Bloom Farms hand rolls, Lord Jones bath and body products, AYA nectar…that’s just the beginning of the growing list of luxury cannabis products on the market today. As cannabis becomes increasingly accepted and more widely available, noticeable trends naturally follow suit. And it seems that many consumers are asking themselves: “If I’m going to partake, why wouldn’t I want to elevate the experience to something luxe?”
Over half of U.S. states have legalized some form of marijuana, opening up opportunities for package designers to step in and create something cannabis consumers have never seen before. In 2016 alone, legal marijuana sales reached over $6.7 billion—and that number is expected to reach over $20 billion by 2021. And as the marketplace widens, luxury packaging is an obvious niche to see pop up.
“The cannabis industry has grown so significantly in the past few years that luxury brands within the cannabis market are quickly paving the way for new ideas in consumption,” explained Hannah Meadows, an author at the online resource Leafly. “Just twenty years ago, many people thought legalization was out of the question due to negative stigma. However, that’s all changed, and cannabis is now a marketable product that has the potential to span numerous brands and industries.”
This does, however, set up a potential roadblock for companies or brands that want to be marketed as luxury but don’t have the quality product to warrant the higher price tag. “Just because you have ‘luxury packaging’ does not mean you have a luxury brand or product,” warned Gabrielle Rein, Creative Director at Toast™, a brand of elegant cannabis cigarettes. “If the overall consumer experience holds up the promise of luxury I think consumers will be very happy. Same with wine or champagne. How many beautiful and expensive bottles are consumers let down by?”
Jared Mirsky, Founder and CEO at OMD Agency, agrees. With the products and brands he’s helped design, the luxury factor is often more of the perception that’s created to generate a more likely sale. “The product that sells the most is generally the most quality at the most inexpensive price,” he explained. “It’s a very cost-conscious market at the moment.” Even with Hamptons Reserve, the most premium cannabis product from OMD’s portfolio, Jared made sure that the extravagant packaging remained cost-effective.
As brands and designers continue to try and strike the balance between luxury cannabis products and attainability, one thing is for certain: this could play a vital role in altering the way marijuana is perceived. “Cannabis still holds significant negative stigma for a lot of people in certain areas of the U.S. and the world. With education and the willingness of brands to reach different audiences, I believe cannabis will become just as normalized as alcohol—hopefully sooner rather than later,” confessed Hannah Meadows. “I think that the luxury trend contributes to the ‘falling away’ of this stigma. It’s bringing something that has been hiding in the shadows out to the public and showing it as a facet of someone’s lifestyle rather than a dirty little secret.”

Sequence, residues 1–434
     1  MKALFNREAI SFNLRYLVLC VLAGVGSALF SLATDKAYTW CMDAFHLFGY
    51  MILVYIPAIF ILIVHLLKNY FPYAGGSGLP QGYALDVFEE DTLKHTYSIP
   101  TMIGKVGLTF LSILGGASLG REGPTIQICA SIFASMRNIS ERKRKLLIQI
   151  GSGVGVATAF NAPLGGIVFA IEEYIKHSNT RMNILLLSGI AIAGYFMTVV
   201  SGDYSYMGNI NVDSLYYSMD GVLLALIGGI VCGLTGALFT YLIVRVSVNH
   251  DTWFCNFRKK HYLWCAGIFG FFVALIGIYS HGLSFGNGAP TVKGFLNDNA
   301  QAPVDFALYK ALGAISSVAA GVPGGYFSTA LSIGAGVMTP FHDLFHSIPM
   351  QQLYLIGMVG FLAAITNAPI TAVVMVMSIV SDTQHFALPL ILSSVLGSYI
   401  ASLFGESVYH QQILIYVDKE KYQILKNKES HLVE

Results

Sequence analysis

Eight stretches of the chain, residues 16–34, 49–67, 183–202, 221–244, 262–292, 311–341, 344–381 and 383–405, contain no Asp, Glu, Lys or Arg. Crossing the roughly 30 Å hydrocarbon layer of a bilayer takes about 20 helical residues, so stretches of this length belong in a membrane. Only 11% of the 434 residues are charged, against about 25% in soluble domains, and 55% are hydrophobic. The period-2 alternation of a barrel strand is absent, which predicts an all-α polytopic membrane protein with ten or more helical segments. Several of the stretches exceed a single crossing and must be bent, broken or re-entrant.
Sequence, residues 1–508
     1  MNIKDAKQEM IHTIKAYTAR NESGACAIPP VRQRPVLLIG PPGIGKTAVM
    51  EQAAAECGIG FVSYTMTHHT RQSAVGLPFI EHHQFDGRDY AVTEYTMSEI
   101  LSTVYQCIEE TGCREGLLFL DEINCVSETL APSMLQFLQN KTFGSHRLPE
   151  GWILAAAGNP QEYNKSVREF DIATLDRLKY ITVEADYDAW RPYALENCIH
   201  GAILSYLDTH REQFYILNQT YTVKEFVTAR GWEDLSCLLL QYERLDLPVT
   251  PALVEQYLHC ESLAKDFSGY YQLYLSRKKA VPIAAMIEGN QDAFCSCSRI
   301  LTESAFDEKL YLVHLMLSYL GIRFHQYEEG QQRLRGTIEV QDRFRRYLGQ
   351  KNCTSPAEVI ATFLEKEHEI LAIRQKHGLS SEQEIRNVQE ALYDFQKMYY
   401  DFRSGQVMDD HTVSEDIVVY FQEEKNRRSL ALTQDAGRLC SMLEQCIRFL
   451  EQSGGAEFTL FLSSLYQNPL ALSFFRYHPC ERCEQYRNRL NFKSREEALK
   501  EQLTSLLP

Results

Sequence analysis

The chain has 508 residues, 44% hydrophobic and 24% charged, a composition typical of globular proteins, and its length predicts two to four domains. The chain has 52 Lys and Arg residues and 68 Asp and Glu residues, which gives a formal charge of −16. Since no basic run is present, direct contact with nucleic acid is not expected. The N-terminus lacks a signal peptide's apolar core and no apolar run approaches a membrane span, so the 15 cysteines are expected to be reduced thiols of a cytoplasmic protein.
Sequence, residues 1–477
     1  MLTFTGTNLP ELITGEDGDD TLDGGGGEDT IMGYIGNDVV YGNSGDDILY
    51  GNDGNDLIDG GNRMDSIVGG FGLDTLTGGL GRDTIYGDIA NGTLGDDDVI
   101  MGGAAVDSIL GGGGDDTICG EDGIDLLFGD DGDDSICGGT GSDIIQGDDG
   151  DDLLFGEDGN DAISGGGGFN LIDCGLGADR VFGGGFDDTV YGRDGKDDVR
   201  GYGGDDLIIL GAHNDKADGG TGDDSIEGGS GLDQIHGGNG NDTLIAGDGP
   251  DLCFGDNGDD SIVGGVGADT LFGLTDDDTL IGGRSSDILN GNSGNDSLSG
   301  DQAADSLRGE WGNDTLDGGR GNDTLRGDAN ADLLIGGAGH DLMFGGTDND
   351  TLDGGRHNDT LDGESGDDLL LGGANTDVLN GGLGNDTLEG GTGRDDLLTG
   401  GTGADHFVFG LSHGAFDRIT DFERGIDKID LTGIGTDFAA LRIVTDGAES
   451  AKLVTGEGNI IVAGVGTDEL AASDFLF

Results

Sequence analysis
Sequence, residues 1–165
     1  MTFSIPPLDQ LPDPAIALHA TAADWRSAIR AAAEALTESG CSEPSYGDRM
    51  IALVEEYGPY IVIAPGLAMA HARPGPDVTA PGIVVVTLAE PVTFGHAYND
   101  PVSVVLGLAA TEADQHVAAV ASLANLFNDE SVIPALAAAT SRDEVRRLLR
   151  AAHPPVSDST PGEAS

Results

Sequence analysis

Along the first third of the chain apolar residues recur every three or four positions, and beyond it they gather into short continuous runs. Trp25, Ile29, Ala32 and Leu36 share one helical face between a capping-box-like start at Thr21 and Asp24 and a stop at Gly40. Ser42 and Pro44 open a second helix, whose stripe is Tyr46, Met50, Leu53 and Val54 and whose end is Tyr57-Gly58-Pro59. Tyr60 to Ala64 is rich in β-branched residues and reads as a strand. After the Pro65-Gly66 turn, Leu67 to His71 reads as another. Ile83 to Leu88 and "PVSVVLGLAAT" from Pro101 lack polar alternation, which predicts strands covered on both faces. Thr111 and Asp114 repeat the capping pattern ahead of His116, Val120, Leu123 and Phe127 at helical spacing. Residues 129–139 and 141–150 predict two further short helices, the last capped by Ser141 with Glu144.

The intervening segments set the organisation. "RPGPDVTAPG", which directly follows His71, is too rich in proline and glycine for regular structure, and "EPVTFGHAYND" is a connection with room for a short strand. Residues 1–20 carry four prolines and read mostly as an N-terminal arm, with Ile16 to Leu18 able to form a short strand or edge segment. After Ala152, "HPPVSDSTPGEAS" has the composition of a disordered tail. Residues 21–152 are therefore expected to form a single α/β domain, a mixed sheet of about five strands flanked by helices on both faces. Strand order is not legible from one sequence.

Incorporating luxury design into cannabis product packaging
When it comes to designing luxury in this market, almost anything goes. Unlike other industries, like beauty or liquor, no established code of luxury exists yet. “There is no paint by numbers code or element that can make a [cannabis] brand luxury,” Gabrielle Rein explained. Although this lack of guidelines may seem daunting, she suggested that designers should strive to stay true to the brand story—and in doing so, a luxury approach will feel more authentic.
From there, an elegant design could take any route, from simple, clean, and bold to something more detailed. When asked what trends she’s noticed recently, Hannah Meadows recalled examples of unique artwork. “I’ve seen gorgeous sketches, paintings, watercolors, and all manner of mixed media grace the packaging of some of my favorite brands and that really makes them stand out.”
And of course, while it feels like anything is possible, it’s still imperative that designers check the regulations for marijuana product packaging based on the location where these products will go to market. “Just as bottles of liquor need to showcase alcoholic content and cautions, cannabis packaging must contain the THC and CBD levels as well as warnings,” said Hannah Meadows. From a creative standpoint, that sounds a little stifling, but it’s not nearly as much of a hindrance as it might seem at first. She suggested, “As long as all labels are present, one can do a lot with colors and font to incorporate the needed information into the packaging design without having it look bulky or overwhelming.”
The bottom line, though: make it economical. “Products that tend to go the luxury route have a much harder time getting market penetration as well as sales. The cost to produce it and to assemble it [must be] so streamlined that it drives the cost down,” explained Jared Mirsky. If consumers can get roughly the same quality product for less, they will—so look for ways to drive production and packaging costs down without sacrificing the mission of the brand. Mirsky actually mentioned a company in Colorado printing on mylar bags. “I know mylar bags aren’t super sexy, but we can turn a crappy mylar bag into something pretty beautiful.”
Check out 10 of the best cannabis packaging designs.
from Blog – The Dieline | Packaging & Branding Design & Innovation News http://ift.tt/2tID6V4